Due to shelter in place orders across the nation, we can see most people reduced their car travels. With road trips out of the question, ceasing commutes, and the ability to have food & supplies delivered to our doorsteps, car trips taken were decreased by up to almost 40% in early April. By the end of April and early part of May, the trend started to change as people began going back to work and on adventures to enjoy the warm weather. With more states reopening, we can expect to continue to see a gradual increase in car trips throughout the following months.

Going for a Run

A line graph displays the percentage change in run trips from February 1st through May 12th.

Interestingly, run trips saw a dramatic increase as much as 205% in early April as a result of the pandemic and shelter in place orders. It can be inferred that the reason for this is because of people’s desire to stay in shape and get out for some fresh air. With most gyms across the nation being closed, run trips became a popular alternative for staying active. From the start of shelter in place through today, we continue to observe a higher than average run trip volume over time. We expect this trend to continue even as gyms begin to reopen, as it will take time for people to become comfortable again with being in close proximity with others.

Taking the Train

A line graph displays the percentage change in train trips from February 1st through May 12th.

When observing the changes in train trips over time since the start of the pandemic, a similar story is painted as what was seen with bus trips. Dramatic increases and drops in train trips is a typical trend, as many people use trains as their main mode of transportation when commuting. The fluctuations minimized as did the total number of train trips being taken. In fact, train trips saw up to a 91% decrease in April. Even as states begin to lift shelter in place orders in May, it is likely train trips will not go back to their normal trip rates in the near future.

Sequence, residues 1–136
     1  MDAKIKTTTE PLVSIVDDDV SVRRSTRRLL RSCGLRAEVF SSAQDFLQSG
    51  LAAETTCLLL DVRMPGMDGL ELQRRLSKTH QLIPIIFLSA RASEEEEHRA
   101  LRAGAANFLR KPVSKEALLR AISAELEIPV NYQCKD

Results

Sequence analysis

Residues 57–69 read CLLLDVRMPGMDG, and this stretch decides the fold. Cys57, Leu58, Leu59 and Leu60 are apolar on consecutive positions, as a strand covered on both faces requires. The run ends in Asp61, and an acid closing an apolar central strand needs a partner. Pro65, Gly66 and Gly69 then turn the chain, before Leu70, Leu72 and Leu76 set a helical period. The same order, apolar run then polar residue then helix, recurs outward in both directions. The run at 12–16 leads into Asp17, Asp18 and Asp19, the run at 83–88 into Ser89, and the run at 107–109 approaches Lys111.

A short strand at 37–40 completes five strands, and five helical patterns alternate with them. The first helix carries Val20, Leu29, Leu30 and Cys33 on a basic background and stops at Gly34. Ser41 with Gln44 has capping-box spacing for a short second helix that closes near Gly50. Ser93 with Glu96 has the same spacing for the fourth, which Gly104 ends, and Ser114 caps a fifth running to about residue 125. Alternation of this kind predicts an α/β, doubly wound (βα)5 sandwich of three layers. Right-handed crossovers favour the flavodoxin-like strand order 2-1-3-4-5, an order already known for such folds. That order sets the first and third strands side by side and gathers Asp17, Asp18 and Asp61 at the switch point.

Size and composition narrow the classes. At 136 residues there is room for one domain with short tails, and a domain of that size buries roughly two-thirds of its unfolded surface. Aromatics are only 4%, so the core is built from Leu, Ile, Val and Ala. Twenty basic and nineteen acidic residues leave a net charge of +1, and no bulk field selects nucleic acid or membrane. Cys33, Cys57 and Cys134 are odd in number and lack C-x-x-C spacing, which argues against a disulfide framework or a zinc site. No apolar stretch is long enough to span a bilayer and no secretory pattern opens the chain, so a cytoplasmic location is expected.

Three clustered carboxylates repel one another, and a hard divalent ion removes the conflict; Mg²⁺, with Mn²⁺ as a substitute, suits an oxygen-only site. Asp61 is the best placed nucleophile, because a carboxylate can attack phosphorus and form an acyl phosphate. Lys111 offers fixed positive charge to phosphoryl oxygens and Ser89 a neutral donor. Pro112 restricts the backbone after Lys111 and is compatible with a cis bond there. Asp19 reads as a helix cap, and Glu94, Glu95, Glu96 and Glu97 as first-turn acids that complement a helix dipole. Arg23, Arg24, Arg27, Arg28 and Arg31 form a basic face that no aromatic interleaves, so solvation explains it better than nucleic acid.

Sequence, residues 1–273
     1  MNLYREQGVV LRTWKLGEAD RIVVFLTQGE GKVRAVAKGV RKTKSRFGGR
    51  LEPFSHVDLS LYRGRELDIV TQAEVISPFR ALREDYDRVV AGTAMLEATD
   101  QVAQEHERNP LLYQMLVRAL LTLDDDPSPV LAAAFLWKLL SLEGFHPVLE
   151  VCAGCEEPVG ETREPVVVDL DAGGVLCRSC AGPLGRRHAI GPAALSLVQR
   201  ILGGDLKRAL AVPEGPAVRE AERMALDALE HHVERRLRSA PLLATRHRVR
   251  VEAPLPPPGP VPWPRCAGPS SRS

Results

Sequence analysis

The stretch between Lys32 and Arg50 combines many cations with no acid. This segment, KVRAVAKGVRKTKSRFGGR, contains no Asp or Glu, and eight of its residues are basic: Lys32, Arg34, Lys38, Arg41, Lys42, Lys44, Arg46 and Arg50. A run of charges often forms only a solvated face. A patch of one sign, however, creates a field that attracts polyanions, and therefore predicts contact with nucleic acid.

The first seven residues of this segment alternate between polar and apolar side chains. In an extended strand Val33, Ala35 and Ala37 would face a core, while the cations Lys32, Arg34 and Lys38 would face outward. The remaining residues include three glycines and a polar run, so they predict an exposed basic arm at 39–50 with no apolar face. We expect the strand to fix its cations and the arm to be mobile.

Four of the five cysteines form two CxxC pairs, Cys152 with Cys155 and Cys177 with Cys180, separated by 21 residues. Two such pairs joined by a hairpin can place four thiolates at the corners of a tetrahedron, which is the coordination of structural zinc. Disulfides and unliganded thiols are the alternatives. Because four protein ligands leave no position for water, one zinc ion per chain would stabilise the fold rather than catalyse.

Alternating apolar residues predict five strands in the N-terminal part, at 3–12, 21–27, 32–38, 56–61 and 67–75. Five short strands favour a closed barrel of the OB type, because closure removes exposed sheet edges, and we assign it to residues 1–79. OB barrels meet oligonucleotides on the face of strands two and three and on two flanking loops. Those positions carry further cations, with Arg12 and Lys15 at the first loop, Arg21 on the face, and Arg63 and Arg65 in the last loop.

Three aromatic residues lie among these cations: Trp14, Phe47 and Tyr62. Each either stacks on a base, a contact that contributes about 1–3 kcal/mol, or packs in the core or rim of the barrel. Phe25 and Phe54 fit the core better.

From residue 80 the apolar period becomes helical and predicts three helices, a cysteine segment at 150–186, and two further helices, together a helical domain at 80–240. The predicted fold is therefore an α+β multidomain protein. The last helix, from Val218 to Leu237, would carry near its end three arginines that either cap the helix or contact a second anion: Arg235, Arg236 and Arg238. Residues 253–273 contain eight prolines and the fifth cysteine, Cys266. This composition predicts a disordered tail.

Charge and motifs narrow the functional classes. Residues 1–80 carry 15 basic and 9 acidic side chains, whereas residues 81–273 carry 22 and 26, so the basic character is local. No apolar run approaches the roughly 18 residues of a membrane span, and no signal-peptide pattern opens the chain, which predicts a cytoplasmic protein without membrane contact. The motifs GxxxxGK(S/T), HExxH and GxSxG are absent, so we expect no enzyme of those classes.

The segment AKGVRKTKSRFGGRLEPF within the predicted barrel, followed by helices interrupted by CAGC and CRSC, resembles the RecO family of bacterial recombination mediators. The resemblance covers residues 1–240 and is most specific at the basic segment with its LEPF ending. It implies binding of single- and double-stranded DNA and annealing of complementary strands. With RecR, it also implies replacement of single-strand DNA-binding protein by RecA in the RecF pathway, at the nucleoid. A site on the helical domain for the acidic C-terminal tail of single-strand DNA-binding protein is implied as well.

Going for Walks

A line graph displays the percentage change in walk trips from February 1st through May 12th.

Walking is a natural part of our everyday activities. We walk and move around constantly as we travel between our jobs, social events, and running errands. When shelter in place orders swept across the nation and our daily travel habits changed, walk trips were impacted with an almost 50% decrease in mid-April. From that point, walk trips saw a slight increase throughout the month and entering May. We expect this upward trend to continue as people begin to get back to their normal daily routines.

States are reopening, and it’s being noticed

Map of the United States colored from yellow to orange to red showing the changes in travel between states comparing April to May.

Shelter in place orders in some states began to lift as early as April 27th. When comparing trip volumes from the first 12 days in May with the first 12 days in April, during the peak of the pandemic, it became clear which states were beginning to lift their shelter in place orders earlier than others.

In May, Alaska experienced a 65% increase in trips taken, the highest increase in travel in comparison with all other states. Alaska was also one of the first states to start re-opening and easing restrictions on businesses on April 24th, such as restaurants and personal-care-services. In addition to Alaska, Minnesota, and Mississippi also started lifting their shelter in place restrictions on April 26th and 27th, respectively. Mississippi has seen a 38% increase in overall trip volume in May while Minnesota has increased its total trips by 32%. As more states continue to lift restrictions on travel and reopen businesses, the trends show that trip rates will continue to increase in correlation with these actions.

Moving forward

Although the future of travel is not completely clear, the trends we reviewed across various modes of transportation help provide a better understanding of what could be to come. With states lifting shelter in place orders and reopening businesses in phases, we can expect to continue to see increases across all modes of travel as people move closer to their normal travel routines.